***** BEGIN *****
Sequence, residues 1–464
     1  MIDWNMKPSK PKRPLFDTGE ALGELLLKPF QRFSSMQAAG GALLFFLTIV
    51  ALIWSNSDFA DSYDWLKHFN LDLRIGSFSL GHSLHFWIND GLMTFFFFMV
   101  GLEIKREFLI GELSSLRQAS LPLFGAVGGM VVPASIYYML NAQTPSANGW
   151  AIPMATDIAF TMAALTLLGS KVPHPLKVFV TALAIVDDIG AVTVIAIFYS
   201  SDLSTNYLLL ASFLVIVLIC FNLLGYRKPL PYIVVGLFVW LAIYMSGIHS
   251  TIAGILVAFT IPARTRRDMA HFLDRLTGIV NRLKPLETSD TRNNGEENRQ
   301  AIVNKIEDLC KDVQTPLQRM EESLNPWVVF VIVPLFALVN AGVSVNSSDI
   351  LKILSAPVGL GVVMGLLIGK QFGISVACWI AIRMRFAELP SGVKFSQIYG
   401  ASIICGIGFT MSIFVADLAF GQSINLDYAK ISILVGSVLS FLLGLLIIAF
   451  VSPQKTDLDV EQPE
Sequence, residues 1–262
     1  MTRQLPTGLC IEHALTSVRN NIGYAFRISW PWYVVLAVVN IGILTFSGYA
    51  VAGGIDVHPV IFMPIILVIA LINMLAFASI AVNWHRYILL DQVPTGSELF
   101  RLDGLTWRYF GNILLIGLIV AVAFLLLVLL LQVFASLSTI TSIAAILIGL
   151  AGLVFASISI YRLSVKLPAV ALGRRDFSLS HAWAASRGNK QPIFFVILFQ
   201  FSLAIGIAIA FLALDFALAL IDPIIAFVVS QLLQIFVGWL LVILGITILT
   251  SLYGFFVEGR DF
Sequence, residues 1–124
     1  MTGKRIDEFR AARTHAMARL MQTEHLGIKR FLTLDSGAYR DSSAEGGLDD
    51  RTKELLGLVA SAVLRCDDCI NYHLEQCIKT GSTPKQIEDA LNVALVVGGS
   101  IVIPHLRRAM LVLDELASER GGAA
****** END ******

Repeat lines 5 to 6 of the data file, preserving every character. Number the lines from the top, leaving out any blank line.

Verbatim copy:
   151  AIPMATDIAF TMAALTLLGS KVPHPLKVFV TALAIVDDIG AVTVIAIFYS
   201  SDLSTNYLLL ASFLVIVLIC FNLLGYRKPL PYIVVGLFVW LAIYMSGIHS